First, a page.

It has been more than three years since the Ann Arbor Police Department killed Aura Rosser, a Black woman, mother of three children, and an Ann Arbor resident. In that time, shamefully little has been done to address the conditions that led to her death, and the community feels no safer than it did when Michael Brown was killed by police in Ferguson, Missouri. Ann Arbor police participated in a forum aimed at building trust, to make sure something like that wouldn’t happen here. Three weeks later, something like that did happen. Something like that can happen again, and will, if we don’t do something to address the situation.
We should have a civillian oversight committee, with the power to investigate the police, and to make disciplinary decisions. After more than three years, we are finally beginning the process of desiging the civillian oversight committee. It will be important to make sure that the committee that is eventually created has the powers that it needs. I support Transforming Justice Washtenaw’s position that “an effective police review board must be representative, independent, transparent, and adequately funded”.
It is inherently dangerous to bring fully-armed people into a situation. Police have the power to seriously disrupt people’s lives, and so people will react with fear. I think we should have different types of responses for different types of situations. We could have conflict resolution mediators, social workers, unarmed security guards, or people with other specialties. There are some situations where people are in danger of physical harm, and it may be appropriate to bring out an armed response to those situations, but there are many other situations where it would be safer to have a different response.
For example, we should have trained mental health workers who can respond to calls in which people are having mental health crises instead of police. This is a large chunk of the calls that the police respond to. People with mental health problems are not criminals. They need help, not punishment. At the Police Task Force meeting on May 17, 2018, it was mentioned that the police have begun receiving additional training in responding to mental health crises. But in my opinion, that is not enough. Mental health care and policing are two different skilled professions. A couple of classes here and there will not turn a police officer into a mental health worker. Having a mental health crisis should not generate an arrest record. If we hired mental health care workers instead of more police, that would free up the police officers to deal with crimes. Everybody would be safer.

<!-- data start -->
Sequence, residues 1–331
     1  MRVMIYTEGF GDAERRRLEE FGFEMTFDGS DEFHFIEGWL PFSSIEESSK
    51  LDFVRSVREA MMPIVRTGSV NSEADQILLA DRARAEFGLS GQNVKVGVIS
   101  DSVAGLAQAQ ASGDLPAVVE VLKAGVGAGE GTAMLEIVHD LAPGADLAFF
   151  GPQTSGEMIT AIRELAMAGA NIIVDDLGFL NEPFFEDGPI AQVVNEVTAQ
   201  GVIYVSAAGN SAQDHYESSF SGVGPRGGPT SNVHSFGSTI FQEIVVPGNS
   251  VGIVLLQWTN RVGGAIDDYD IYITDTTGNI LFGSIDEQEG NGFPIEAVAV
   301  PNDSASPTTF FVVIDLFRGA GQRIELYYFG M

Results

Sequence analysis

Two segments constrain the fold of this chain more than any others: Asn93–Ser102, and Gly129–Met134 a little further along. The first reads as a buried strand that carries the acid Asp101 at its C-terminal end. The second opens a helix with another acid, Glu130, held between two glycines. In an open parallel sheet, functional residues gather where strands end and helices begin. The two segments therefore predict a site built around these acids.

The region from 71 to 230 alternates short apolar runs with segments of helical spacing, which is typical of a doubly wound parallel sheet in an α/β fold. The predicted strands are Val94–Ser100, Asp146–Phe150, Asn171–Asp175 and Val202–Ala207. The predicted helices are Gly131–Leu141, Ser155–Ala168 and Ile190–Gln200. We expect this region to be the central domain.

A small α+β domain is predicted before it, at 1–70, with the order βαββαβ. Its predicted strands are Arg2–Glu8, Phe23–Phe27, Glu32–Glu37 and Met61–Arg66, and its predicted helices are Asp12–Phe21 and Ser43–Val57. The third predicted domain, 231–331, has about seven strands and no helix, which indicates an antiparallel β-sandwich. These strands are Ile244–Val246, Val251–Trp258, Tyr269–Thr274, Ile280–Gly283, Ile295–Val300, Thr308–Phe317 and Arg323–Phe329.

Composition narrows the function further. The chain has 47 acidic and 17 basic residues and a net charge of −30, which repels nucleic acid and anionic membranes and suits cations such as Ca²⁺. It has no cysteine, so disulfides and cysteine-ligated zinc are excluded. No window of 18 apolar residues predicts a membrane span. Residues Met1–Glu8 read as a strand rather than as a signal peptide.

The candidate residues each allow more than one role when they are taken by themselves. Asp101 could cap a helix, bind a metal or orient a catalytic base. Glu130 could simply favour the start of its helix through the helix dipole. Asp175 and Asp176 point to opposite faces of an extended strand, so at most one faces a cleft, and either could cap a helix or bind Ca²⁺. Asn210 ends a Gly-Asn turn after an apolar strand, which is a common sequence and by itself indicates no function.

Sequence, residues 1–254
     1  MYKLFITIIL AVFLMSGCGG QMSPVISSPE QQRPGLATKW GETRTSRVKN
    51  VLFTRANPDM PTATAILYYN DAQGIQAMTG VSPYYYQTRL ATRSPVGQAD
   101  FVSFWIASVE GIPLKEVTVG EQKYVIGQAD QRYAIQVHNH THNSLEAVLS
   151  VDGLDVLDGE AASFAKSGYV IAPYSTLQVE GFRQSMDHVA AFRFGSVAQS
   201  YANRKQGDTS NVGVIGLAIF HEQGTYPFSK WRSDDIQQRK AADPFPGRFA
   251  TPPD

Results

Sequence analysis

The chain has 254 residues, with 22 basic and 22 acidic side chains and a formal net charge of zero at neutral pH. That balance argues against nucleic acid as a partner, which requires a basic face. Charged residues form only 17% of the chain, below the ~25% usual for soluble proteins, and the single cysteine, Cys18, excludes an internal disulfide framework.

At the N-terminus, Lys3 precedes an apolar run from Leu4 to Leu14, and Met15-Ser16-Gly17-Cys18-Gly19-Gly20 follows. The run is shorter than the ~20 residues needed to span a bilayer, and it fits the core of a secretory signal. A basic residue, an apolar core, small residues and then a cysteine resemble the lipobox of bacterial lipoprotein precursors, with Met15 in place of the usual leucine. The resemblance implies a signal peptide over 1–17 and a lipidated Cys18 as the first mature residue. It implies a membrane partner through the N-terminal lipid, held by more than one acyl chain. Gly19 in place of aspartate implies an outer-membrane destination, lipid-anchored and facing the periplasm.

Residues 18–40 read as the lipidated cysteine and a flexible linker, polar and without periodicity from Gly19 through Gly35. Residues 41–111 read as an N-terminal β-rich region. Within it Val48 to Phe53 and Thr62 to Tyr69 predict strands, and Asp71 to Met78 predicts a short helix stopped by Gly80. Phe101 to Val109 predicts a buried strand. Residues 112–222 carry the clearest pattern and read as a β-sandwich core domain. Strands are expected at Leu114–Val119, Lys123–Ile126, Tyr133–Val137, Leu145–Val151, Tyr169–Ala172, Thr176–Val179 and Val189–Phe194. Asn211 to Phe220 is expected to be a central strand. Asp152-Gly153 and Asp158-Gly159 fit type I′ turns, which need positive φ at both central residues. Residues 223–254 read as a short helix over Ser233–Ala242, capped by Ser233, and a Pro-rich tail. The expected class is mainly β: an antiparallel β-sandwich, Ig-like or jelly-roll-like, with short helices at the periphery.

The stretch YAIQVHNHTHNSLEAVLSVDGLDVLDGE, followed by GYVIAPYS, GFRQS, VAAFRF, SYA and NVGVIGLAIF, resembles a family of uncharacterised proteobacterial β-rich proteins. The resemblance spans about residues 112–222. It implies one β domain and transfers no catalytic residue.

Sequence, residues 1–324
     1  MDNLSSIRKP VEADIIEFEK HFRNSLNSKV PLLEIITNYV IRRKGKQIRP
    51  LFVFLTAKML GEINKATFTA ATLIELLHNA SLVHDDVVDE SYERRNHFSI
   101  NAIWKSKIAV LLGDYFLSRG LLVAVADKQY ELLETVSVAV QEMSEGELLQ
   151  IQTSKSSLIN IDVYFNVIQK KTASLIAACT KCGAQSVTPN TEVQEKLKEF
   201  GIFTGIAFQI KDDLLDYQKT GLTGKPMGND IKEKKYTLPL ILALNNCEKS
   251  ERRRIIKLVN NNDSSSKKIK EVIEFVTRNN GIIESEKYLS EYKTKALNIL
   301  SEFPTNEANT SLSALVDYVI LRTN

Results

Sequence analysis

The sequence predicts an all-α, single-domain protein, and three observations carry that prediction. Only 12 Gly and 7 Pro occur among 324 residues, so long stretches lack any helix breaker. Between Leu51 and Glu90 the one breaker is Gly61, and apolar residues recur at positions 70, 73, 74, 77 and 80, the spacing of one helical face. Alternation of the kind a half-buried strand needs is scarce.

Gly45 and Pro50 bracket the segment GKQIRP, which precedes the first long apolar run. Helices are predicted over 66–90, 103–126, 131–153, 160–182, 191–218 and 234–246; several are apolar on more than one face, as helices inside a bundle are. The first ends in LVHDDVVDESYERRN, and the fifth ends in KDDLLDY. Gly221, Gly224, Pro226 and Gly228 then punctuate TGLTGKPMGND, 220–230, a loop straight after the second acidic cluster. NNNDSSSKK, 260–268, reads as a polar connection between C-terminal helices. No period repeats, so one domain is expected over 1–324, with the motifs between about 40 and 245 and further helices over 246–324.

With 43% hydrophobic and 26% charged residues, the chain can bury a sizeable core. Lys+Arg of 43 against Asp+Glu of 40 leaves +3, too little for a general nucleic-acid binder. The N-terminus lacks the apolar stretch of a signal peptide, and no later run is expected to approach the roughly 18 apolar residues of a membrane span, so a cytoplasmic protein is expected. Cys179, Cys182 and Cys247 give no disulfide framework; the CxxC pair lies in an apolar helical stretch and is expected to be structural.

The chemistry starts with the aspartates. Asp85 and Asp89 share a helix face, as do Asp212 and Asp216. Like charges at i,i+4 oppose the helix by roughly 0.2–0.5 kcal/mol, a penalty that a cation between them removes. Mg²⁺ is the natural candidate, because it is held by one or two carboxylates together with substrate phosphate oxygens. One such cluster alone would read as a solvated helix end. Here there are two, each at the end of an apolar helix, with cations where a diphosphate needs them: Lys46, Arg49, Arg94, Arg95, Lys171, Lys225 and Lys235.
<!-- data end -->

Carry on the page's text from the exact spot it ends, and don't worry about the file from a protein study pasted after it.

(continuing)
Not all the blame belongs to the police. Part of the problem, too, is white people who call the police because they are afraid when they see Black people in public. Several people at the Police Task Force meeting on May 31 told stories of being stopped by police when they were at their own homes, because some white person saw Black people and found that inherently suspicious.
At the meeting, someone proposed a mitigation that I like. Neighborhood associations and neighborhood watch groups are organizations who have an official relationship with the city government. The city government could require these groups to do anti-bias training.
Calling the police should not be a dangerous thing to do. But while it is, we should make sure that white people are aware of the impact they can have on people’s lives when they make the calls.
Transforming Justice Washtenaw elaborates on their statement of what a police review board requires:
… an effective police review board must be representative, independent, transparent, and adequately funded. For example:
Representation means: The community police commission must include representation from marginalized community groups including: people of color; people who have been incarcerated; and people who work in the following fields: mediation/conflict resolution, mental health, housing, homelessness, anti-racism, and transformative justice.
Independence means: The community police commission members must not include the Deputy Chief or Assistant City Attorney (although they may serve as advisors). The commission must select its own chair without City Council involvement. The commission should not include current and former employees of AAPD. The commission must have access to police witnesses and documents through legal mandate or subpoena power, which is considered a best practice by the ACLU. When unsatisfied with an internal AAPD investigation, the commission must have the power to gather more information, initiate additional investigation, and/or recommend further investigation. The Police Chief must review and respond in detail to commission recommendations.
TJW recognizes that in order to design an independent review board, the Task Force must itself enjoy a degree of independence. What is vitally important is that your recommendation address the needs of residents most targeted by policing. While the Task Force will not address all the deeply entrenched issues of racism and white supremacy in Ann Arbor, you can take a major step toward shifting policy and resources. Community oversight of AAPD can be one part of a shift towards justice, equity, and accountability.
Transforming Justice Washtenaw thanks you for your service. We will show up in solidarity with you as you prepare your detailed proposal of a community policing commission that is representative, independent, transparent and adequately funded; we will accept no less from our city.